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UCLA Basketball Round Up: Passed the Chemistry Test, Now for the Real Test

Josh is going to have to jump higher if UCLA is going to be able to reach the Big Dance.  (Photo by Jeff Gross/Getty Images)
Josh is going to have to jump higher if UCLA is going to be able to reach the Big Dance. (Photo by Jeff Gross/Getty Images)
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It is nice that the Bruins are playing better as a team with good chemistry but to really come close to expectations they have to keep building. Basically the next three games mean the following:

  • A win against Richmond means we may be good enough to be an NIT team
  • A split the Bay Area Weekend against Stanford and Cal, we may have a shot to win the PAC 12 title as this is the toughest road trip of the year
  • A sweep of the Bay area weekend, we are a good team and once again the favorite to win the PAC 12, maybe even get ranked.

I doubt the last would happen and am hopeful of the second. This is a good news bad news situation. Good news is the PAC 12 is bad this year so UCLA may still have a shot. The bad news is UCLA will likely have to win the PAC 12 regular season title or conference tournament to go to the Big Dance.

For this is really more like law school than a chemistry class. It does not matter how good you are but rather how good you are compared to the other teams. And the PAC 12 has some serious issues this year:

The difference is, it's tough telling who this year's elite might be. Of the expected standard-bearers, only Cal (10-2) has played to expectation, while there are still suspicions about Stanford (10-1) and Oregon State (9-2). Three of the purported heavyweights - UCLA, Washington and Arizona - have combined for 14 losses.

Realistically, the season this one approximates is that of 2009-10. Miller's first team entered the conference 6-6. UCLA had losses to Cal State Fullerton and Long Beach State and was 5-7 out of the league.

Cal won the regular season, while Washington caught fire down the stretch, won the Pac-10 tournament and thus erased the possible indignity of a BCS league getting one team to the NCAA tournament. The Huskies made the Sweet 16 and the league, albeit with a sketchy representation in the tournament, went 3-2.

How bad it is for the conference:

1 - Wins against teams in Pomeroy's Top 50. The lone victory came when Oregon State knocked off Texas on a neutral floor. The league has just 12 other wins against the Top 100 with half of those victories coming against teams ranked between 92 and 100.

The only top 50 victory for the conference is a team UCLA lost to at "home" a few weeks back. However, while UCLA is looking better, the conference is still having its issues:

Four Pac-12 teams lost nonconference home games[last weekend], two in embarrassing fashion.

On Saturday, Arizona State let NAU make a game-winning three-pointer with a second left. On Sunday, Washington lost to South Dakota State by 19.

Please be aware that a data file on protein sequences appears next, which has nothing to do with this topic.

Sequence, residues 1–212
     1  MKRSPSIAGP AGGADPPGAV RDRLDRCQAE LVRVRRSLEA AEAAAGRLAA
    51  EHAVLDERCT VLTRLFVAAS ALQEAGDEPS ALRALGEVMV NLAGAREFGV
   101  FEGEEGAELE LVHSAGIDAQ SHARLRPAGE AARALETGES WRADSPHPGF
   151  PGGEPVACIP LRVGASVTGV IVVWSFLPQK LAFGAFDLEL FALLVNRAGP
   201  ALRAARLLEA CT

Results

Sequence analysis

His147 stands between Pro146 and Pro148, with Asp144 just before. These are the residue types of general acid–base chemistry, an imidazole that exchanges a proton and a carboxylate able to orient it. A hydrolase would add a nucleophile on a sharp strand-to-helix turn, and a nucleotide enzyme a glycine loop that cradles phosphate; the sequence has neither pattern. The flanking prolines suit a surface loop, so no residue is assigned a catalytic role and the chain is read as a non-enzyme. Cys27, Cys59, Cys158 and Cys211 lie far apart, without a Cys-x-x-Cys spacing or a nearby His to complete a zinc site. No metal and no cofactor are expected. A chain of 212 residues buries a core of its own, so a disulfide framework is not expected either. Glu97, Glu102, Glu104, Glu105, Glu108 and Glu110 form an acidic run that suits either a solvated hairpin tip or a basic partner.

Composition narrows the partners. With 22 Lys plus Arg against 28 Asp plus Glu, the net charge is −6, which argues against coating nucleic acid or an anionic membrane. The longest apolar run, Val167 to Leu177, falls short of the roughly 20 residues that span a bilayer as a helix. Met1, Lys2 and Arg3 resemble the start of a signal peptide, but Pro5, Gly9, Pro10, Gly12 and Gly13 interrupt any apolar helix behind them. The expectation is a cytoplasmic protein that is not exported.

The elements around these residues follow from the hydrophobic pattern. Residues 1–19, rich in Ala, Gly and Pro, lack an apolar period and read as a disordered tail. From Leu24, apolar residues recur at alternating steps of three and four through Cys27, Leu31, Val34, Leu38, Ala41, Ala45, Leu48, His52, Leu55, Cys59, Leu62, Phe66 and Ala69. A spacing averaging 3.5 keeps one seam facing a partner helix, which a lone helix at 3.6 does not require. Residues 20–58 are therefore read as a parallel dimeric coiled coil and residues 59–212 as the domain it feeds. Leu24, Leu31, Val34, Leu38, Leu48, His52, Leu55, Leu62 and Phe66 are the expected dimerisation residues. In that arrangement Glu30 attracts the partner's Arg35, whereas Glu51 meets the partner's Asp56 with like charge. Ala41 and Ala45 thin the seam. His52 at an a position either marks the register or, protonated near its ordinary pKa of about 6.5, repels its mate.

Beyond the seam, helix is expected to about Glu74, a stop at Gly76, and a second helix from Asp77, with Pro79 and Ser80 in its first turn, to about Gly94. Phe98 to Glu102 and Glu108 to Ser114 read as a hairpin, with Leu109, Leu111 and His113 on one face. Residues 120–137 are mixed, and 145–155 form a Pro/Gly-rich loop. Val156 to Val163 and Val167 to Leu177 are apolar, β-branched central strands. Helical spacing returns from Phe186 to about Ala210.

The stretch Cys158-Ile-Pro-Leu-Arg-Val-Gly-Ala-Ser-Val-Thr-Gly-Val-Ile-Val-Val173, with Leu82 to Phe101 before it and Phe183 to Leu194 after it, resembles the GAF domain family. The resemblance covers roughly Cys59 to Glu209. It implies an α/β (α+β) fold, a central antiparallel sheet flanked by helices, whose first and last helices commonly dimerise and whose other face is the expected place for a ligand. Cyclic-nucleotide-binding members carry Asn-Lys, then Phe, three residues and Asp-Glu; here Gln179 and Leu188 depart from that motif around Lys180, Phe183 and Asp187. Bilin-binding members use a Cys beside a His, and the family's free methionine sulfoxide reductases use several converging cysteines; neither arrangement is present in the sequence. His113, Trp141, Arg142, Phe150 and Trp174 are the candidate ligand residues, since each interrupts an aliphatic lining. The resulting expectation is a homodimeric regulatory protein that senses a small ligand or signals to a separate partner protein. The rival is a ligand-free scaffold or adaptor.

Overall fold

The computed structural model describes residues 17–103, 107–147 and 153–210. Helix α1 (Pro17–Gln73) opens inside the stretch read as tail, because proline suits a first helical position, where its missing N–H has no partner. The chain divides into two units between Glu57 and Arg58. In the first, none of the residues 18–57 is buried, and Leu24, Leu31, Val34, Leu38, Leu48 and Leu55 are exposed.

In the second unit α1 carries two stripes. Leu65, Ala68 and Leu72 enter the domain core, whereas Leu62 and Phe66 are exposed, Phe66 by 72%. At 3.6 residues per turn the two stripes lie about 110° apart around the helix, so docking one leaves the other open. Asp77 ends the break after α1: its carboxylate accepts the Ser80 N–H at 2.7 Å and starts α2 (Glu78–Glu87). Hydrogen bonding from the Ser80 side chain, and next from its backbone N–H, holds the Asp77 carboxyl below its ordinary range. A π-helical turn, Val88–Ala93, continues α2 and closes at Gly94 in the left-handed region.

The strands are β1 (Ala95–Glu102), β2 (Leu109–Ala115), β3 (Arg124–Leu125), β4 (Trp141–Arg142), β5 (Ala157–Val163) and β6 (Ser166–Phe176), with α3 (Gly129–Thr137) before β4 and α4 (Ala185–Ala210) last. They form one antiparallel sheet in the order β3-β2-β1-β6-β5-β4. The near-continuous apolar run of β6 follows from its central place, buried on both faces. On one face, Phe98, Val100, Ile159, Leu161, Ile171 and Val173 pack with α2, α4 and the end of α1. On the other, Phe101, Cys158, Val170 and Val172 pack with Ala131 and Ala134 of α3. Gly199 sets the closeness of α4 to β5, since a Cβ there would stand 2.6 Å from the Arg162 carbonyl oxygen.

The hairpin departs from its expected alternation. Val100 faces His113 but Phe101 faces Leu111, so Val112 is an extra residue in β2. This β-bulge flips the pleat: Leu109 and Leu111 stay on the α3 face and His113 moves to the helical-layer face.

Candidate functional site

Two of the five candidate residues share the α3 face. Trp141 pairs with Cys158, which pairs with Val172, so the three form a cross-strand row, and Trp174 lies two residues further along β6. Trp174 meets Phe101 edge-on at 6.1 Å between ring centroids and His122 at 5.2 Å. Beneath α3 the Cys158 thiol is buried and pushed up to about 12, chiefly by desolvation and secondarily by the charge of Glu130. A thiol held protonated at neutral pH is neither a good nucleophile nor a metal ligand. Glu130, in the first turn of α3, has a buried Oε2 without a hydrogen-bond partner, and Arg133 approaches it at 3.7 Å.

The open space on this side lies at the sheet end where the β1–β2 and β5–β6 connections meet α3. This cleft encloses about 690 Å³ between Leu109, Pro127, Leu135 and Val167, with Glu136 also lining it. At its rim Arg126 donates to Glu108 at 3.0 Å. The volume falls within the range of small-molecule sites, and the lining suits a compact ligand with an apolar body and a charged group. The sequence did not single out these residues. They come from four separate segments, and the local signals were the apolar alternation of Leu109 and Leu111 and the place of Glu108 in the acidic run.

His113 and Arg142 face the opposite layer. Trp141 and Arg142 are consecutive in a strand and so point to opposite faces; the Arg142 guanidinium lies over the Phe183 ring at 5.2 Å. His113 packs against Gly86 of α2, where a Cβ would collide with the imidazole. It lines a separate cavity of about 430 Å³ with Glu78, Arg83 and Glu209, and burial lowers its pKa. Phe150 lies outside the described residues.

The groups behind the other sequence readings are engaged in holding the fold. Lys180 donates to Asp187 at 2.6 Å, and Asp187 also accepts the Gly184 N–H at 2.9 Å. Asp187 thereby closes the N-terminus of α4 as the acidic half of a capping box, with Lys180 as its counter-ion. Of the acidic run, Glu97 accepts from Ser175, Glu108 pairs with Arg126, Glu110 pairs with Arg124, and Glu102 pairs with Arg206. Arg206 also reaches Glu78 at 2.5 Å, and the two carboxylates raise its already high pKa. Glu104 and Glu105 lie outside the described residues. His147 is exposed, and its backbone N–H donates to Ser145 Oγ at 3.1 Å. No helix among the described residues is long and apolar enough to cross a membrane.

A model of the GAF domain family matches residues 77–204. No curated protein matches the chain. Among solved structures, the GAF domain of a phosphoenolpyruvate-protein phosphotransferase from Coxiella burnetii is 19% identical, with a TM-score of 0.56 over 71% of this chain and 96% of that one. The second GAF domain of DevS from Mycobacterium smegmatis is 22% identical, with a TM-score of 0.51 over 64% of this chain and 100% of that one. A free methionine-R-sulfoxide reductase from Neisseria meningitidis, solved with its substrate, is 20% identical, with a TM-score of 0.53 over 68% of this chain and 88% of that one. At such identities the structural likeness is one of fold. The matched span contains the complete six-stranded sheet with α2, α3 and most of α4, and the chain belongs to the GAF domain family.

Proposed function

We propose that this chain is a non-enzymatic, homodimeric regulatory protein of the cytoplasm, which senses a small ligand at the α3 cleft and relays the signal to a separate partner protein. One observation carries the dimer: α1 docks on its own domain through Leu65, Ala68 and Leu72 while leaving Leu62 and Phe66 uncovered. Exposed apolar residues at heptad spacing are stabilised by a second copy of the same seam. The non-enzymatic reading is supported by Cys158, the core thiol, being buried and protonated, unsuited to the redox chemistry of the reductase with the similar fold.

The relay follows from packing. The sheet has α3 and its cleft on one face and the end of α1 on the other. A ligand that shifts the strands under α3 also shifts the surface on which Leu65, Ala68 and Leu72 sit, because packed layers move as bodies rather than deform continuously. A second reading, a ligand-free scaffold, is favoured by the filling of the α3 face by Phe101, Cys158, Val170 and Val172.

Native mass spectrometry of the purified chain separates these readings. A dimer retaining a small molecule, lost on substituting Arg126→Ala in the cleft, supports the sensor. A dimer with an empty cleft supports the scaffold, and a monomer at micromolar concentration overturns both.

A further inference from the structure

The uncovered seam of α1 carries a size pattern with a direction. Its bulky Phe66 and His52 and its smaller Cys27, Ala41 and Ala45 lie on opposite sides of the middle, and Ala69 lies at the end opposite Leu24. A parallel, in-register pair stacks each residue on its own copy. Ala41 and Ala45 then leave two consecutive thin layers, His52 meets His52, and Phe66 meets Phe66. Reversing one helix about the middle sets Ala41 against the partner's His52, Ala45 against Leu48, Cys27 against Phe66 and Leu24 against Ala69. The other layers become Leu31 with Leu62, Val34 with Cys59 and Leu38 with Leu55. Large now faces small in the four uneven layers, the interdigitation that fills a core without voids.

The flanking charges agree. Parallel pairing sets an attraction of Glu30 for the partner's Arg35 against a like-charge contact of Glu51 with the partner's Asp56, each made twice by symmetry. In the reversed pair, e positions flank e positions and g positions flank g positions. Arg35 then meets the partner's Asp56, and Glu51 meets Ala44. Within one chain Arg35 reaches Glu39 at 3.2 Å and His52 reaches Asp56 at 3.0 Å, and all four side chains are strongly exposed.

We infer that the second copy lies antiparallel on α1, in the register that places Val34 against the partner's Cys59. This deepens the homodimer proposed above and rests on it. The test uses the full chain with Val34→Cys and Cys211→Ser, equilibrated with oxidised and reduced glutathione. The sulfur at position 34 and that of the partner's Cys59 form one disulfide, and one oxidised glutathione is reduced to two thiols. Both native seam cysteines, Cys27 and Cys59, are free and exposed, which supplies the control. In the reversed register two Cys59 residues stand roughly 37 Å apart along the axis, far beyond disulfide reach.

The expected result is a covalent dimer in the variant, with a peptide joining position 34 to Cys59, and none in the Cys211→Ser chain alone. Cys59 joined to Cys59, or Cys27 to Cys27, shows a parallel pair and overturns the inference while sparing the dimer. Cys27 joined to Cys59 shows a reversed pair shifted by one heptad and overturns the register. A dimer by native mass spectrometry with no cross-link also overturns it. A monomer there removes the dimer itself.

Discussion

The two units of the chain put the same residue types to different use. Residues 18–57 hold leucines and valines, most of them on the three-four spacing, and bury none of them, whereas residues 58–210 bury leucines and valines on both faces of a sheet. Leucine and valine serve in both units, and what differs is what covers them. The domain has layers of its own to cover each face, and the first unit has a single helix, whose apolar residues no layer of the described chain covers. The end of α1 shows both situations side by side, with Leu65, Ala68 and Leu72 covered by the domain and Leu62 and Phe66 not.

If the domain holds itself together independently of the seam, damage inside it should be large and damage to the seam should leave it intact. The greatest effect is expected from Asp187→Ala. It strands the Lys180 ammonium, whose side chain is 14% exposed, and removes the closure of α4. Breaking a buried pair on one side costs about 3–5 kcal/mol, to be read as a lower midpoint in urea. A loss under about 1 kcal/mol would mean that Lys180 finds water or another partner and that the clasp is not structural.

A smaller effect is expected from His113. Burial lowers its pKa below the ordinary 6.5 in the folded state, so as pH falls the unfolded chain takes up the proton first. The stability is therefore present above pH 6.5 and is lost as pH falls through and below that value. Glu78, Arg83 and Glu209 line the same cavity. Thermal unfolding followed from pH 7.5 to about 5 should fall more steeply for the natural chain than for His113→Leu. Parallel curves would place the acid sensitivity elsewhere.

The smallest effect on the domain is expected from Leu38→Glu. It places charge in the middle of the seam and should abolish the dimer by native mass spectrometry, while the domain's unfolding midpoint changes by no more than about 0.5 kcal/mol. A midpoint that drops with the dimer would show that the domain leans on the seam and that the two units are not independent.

. . .

When Cal played Missouri, then No. 21, a month ago, it lost by 39. UCLA lost to Loyola Marymount. USC fell to Cal Poly.

The nation has noticed; the Pac-12 was ranked No. 9 in the nation by Jeff Sagarin on Monday, behind, among others, the Mountain West, Missouri Valley and Atlantic 10 conferences.

Two weeks ago, UCLA coach Ben Howland told the Los Angeles Times that the only way UCLA would make the NCAA tournament, based on its record then, was to run the table in the Pac-12 tournament.

I appreciate CBH's being blunt assessment and honesty on Reeves and on the NCAA Tourney situation. UCLA already has losses that are up in some lists of the conference worse losses in the last 30 years to non-BCS and PAC 12 Schools:

Washington's 92-73 defeat Sunday to South Dakota State was merely another in a steady line of awful developments for a league that had already piled up defeats to Cal-Riverside, Middle Tennessee State, Cal Poly, UNC-Asheville, Fairfield and Northern Arizona.

. . .
We had to define terms. We threw out conference games, because in those, someone's misery is somebody else's profit. So Steve Lavin can breathe easier knowing that the 109-61 loss his UCLA team suffered to Stanford back in 1997 isn't on our books.

. . . What's left, then, is non-league losses against programs that, well, shouldn't have been on the same floor with the high-minded (but low-leaping) Pac-12.

8. Middle Tennessee State 86, UCLA 66, 2011. Granted, the Blue Raiders are 10-2, but it's not a substantial 10-2. They torched the Bruins, purportedly a Pac-12 contender, in November.

UCLA can go a long way toward erasing the pain of the early season by winning the PAC 12. The conference is bad enough they should have a shot if they keep improving and playing as a team. Ironically in the year we are again playing in the Sports Arena, just like the last time we played there, we may have to win the PAC 812 just to go to the NCAA Tourney.

Go Bruins.